Diverse Family Structures Within Multiracial Families



Biracial families represent a growing segment of families in the United States today and improved societal attitudes towards interracial relationships have contributed immensely to this increase. For example, in 2013, 12% of all newlywed couples married someone from a different race and slightly over 6% of all married couples were from different racial groups (Pew Research Center, 2015a). In addition, the number of individuals claiming a multiracial heritage increased to represent nearly 3% of the total population in 2013. Biracial families comprise a diverse family structure that includes married couples, blended families, cohabiting families, grandfamilies, single-parent families, same-sex biracial families, and adoptive families. Regardless of the family structure, it is important to recognize the turbulent history that biracial families have experienced in the United States. Biracial children were once perceived as societal misfits who would experience a life of emotional confusion as a result of their mixed heritage (Stonequist, The marginal man: A study in personality and culture and conflict, Russell & Russell, New York, 1937). Furthermore, at certain points in history, interracial marriages and partnerships were legally prohibited. It was not until 1967 in Loving vs. Virginia that the Supreme Court ruled that laws prohibiting interracial marriages were unconstitutional. At that time approximately 16 states still had such laws on the books (Zack, Race and mixed race, Temple University Press, Philadelphia, 1993). This chapter provides an overview of DBFs, addresses specific challenges encountered, and explores unique strengths. Supportive practice implications are also provided.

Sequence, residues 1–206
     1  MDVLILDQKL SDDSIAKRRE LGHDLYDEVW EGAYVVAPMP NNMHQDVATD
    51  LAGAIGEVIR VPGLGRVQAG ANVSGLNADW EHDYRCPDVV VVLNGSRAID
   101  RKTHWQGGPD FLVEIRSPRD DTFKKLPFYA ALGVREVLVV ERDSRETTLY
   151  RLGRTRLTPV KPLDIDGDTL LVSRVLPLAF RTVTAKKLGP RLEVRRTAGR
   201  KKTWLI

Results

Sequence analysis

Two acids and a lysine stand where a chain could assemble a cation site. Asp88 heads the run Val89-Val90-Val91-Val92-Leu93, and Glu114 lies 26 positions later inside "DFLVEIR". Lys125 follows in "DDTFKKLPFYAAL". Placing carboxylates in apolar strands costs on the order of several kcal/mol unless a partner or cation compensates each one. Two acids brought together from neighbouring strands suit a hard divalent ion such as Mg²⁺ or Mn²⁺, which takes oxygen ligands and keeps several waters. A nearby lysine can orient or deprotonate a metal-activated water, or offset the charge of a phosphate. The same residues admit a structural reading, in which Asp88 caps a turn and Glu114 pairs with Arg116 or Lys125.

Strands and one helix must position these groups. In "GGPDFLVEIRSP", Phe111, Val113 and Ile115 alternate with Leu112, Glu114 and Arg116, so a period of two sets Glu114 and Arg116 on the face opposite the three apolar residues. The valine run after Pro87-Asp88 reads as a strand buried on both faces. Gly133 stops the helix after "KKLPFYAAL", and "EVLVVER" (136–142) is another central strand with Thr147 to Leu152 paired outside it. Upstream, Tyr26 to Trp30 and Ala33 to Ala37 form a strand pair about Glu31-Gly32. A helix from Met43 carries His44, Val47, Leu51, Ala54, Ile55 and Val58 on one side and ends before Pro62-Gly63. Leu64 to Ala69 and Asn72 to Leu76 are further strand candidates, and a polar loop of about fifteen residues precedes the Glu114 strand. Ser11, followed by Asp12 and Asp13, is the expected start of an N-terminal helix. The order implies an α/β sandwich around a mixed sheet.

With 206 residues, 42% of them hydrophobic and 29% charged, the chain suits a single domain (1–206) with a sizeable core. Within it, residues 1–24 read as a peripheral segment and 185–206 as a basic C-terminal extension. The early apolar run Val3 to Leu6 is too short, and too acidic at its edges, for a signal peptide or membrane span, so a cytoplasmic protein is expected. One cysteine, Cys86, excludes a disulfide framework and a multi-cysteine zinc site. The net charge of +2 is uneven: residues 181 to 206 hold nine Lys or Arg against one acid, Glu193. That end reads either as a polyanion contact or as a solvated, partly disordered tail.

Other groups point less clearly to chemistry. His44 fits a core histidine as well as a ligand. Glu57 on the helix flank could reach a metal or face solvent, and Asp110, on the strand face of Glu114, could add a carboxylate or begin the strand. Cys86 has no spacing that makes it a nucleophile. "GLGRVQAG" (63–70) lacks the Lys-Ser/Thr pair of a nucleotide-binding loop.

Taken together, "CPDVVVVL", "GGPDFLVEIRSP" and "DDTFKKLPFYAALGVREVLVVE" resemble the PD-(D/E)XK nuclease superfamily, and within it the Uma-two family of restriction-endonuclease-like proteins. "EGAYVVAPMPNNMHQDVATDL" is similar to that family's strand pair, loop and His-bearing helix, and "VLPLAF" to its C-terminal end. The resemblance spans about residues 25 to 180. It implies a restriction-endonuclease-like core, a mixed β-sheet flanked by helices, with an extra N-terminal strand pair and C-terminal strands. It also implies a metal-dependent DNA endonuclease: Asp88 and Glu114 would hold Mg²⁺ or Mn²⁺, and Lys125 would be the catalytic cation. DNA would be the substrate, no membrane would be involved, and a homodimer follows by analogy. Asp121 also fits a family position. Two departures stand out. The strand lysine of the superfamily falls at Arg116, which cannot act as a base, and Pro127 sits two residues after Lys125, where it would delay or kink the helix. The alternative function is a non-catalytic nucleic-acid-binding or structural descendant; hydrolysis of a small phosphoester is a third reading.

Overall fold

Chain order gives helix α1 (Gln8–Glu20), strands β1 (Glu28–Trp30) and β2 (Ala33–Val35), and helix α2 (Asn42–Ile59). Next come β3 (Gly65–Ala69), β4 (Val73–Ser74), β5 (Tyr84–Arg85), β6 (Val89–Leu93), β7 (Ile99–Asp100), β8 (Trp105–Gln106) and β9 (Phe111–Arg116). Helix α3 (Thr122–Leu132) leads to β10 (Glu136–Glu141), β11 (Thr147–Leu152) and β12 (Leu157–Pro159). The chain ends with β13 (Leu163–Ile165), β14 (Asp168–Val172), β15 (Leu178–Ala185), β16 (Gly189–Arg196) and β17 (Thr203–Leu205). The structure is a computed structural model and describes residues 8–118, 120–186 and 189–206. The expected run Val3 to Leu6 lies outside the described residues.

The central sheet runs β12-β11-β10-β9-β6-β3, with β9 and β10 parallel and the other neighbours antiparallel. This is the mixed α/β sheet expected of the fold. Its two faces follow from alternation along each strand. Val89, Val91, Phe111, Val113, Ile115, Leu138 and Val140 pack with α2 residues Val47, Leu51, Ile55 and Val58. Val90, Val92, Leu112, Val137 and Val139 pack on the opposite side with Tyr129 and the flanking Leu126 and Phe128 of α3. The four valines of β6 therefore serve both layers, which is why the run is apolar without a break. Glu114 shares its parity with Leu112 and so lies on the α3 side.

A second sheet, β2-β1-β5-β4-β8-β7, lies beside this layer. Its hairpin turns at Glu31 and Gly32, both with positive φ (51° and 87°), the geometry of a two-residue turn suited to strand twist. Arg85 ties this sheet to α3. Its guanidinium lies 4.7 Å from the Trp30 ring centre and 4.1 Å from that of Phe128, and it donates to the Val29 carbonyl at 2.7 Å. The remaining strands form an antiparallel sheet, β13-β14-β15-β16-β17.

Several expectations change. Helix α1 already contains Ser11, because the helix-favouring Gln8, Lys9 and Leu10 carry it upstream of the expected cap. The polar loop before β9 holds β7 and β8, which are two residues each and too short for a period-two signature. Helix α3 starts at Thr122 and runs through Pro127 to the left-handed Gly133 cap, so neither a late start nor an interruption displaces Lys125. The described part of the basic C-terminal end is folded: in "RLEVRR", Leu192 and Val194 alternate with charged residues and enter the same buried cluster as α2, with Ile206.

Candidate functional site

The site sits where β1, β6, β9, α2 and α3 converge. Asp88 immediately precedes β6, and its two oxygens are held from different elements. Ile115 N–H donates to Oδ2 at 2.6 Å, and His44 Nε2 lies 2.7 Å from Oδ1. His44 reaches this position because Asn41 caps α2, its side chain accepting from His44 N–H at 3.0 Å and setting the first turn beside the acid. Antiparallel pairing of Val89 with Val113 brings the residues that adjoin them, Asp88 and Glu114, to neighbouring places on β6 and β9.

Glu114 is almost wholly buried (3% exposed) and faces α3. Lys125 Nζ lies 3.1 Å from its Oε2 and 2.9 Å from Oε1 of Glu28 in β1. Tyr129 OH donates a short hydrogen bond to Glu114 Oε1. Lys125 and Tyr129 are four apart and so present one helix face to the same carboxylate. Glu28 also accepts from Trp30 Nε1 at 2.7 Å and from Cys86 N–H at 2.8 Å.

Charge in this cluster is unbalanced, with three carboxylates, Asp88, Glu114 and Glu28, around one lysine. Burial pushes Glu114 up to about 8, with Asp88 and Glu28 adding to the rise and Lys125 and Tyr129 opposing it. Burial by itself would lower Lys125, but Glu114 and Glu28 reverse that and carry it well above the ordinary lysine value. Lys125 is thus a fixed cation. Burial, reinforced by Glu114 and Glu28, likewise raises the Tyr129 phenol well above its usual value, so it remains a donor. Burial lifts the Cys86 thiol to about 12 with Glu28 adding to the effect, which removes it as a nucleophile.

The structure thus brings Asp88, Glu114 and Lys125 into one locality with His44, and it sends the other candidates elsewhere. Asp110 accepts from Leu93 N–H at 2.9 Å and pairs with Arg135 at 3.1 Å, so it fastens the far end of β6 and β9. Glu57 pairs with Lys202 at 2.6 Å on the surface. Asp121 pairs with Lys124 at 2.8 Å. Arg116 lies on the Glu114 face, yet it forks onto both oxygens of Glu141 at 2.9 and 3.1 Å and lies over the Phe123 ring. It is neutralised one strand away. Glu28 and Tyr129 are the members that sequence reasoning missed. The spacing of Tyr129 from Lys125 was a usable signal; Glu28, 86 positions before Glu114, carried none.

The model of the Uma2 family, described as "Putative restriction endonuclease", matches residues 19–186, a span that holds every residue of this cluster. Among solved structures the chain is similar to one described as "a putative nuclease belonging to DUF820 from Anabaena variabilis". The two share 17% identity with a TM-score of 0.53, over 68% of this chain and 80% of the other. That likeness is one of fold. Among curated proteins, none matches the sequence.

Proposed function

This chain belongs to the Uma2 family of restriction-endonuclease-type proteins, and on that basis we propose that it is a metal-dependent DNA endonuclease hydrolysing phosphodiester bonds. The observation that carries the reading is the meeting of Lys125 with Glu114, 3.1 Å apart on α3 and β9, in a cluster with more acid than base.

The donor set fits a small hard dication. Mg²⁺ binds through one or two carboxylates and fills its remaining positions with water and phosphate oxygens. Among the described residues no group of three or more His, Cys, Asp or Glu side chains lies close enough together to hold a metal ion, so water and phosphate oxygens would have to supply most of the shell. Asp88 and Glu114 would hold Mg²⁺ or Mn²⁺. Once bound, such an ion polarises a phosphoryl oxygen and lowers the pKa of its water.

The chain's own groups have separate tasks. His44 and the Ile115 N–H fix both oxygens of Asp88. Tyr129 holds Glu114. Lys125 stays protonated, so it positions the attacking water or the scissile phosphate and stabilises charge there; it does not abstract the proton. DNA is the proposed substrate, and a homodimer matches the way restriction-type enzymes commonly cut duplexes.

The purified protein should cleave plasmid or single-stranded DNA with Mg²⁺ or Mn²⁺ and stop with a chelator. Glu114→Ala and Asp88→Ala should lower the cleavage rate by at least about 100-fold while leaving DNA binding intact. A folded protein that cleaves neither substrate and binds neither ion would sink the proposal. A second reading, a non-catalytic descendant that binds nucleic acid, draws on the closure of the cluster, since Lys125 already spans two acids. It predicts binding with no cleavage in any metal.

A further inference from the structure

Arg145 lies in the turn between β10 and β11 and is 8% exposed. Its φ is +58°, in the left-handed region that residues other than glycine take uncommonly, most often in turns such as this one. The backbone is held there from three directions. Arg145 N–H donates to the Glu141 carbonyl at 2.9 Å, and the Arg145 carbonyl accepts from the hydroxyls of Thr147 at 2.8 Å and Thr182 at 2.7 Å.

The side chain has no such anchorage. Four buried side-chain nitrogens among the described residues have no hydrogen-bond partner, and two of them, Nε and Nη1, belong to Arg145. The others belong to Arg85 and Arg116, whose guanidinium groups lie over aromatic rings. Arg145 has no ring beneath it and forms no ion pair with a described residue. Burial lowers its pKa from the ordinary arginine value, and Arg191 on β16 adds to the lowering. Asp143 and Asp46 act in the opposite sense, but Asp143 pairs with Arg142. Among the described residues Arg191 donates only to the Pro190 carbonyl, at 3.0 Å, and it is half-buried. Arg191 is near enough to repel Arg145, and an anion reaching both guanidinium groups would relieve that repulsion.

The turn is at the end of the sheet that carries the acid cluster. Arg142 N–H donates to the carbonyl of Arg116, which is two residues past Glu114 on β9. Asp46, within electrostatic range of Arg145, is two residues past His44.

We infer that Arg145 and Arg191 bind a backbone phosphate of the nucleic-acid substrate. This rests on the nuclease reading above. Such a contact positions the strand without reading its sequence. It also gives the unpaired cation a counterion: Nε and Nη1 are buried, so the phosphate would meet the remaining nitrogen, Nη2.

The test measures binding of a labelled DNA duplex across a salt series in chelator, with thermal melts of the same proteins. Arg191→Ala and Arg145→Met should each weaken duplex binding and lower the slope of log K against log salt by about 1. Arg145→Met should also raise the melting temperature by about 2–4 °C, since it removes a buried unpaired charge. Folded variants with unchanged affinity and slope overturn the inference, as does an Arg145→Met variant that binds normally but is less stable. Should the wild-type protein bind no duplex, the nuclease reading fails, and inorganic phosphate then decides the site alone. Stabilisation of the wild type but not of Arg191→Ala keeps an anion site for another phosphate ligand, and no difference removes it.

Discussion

Diverse biracial families (DBFs) Biracial Multiracial Blended family Biracial grandfamilies Same-sex biracial families Microaggression 


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Copyright information

© Springer Nature Switzerland AG 2019

Authors and Affiliations

  1. 1.Department of CounselingUniversity of North Carolina at CharlotteCharlotteUSA
  2. 2.Department of Counseling at University of North GeorgiaDahlonegaUSA

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